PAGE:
Maybe I should have called this post ‘How wars start by accident’
In my last post I made the Afghanistan comparison to show that in the face of a smaller less well equipped enemy the Russians could not win a decisive war. The same for Chechnya, they basically had to destroy the country and even then the Chechen militia were not finished off, in the end the Russians had to change their strategy from direct military intervention in order to bring some form of order to that country.
Ukraine is different, yes her fighting force is smaller but ironically, in many ways is better equipped than their Russian counterparts, Ukraine was until recently an exporter of arms to Russia, but they stopped exports due to the current crisis, in fact it is one of the global leaders of arms exports as its quality control and engineering is seen as being of higher quality that of the same systems which are made in Russia. You can read part 3 of this series here.
I don’t believe Russia really wants to see war in Ukraine and I don’t think the Ukrainians want war either but both sides are playing a game of Chicken, to see who will blink first, the problem with that is the mentality that one can never back down, they are going to stumble into a war that neither side really wants to have. The USA and EU are also partly to blame, they are trying to push Russia into a corner over the situation in Ukraine and that will simply make the situation worse, Putin will feel he has no choice but to come out fighting. I am no fan of Putin but I don’t believe he wants to have a war but he feels that the options left open to him are becoming fewer by the day. This is going to become an accidental war.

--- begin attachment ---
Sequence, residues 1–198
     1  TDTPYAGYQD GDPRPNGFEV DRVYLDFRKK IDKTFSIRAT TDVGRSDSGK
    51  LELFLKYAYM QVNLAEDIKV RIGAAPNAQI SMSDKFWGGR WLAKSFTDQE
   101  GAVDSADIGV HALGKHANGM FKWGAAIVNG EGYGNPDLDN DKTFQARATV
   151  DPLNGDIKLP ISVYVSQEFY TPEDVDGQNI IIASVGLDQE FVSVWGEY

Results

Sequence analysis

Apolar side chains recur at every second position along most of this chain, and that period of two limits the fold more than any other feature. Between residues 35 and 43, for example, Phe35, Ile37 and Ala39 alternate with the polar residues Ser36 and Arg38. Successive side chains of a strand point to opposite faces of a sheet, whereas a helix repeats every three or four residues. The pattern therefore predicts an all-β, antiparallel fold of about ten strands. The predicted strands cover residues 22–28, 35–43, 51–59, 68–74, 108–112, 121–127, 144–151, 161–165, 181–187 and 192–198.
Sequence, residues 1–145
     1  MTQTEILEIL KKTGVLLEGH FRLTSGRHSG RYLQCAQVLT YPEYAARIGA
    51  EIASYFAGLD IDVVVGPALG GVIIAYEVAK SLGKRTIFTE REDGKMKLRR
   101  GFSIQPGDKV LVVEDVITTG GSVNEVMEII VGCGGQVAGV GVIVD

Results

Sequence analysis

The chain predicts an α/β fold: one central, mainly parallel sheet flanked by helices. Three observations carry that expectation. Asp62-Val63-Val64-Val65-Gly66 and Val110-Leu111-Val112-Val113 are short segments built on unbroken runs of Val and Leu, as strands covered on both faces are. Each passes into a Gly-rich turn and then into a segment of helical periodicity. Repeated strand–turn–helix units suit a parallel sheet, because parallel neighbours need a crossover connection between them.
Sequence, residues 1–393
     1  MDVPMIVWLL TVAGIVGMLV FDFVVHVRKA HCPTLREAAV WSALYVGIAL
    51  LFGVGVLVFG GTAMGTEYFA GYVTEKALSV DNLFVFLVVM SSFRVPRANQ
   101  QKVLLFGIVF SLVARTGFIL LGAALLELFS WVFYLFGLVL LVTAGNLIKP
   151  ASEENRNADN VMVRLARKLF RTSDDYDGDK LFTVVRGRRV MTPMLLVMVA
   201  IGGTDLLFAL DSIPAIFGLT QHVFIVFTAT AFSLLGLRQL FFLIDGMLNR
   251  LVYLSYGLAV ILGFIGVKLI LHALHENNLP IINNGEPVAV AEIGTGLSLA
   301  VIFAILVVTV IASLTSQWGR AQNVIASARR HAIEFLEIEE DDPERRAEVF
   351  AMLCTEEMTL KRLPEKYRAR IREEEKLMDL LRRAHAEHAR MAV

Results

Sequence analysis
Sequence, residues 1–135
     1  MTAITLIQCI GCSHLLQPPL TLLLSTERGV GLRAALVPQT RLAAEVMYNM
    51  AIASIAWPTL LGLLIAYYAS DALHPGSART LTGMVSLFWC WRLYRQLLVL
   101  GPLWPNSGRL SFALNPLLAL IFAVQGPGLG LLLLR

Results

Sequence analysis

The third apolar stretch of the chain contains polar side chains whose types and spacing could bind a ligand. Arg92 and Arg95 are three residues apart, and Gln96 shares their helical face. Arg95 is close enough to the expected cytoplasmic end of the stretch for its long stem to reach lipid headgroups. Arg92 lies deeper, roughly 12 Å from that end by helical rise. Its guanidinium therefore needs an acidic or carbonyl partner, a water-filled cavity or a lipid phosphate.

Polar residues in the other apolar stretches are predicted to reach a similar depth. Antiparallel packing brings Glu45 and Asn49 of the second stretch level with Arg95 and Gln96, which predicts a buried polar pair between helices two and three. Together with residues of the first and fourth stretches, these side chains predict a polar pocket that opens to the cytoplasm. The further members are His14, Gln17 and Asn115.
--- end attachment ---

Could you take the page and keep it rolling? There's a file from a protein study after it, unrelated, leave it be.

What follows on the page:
Consideration should also be given to the economic consequences of any war between Russia and Ukraine. Ukraine is effectively broke and is only being kept going by foreign loans. How they will ever be paid back is anybodies guess. More dramatically, Russia might also get into serious trouble. There is a huge amount of capital flight, money being withdrawn from Russia, by businesses and individuals alike. Something I heard today that was very interesting is that companies have been using their shares as collateral for bank loans. I hadn’t realized this but apparently it is common practice. The problem is that the value of shares in Russian companies are plummeting due to a lack of business confidence and uncertainty about the future related to the situation between Russia and Ukraine. The banks have made loans against the value of shares and are now well into negative equity territory. The Russian banking sector is now trying to call in these loans but the cash isn’t there as much of it has already been deposited outside the country. Russia is potentially facing a full on banking crisis to rival that of the USA in 2008. Their central bank has been using its huge cash reserve to maintain liquidity in the system but the money is being used up fast. The longer uncertainty and instability continues between Russia and Ukraine, the worse the situation will become. Even if war between the 2 countries is brief, the long term consequences will be felt for a long time. The Russian banking system could effectively be bankrupted. Even without a war between Russia and Ukraine things could be about to become very difficult in the Russian banking system. If that were to happen, what would the political consequences be for Putin? You can read part 3 of this series here.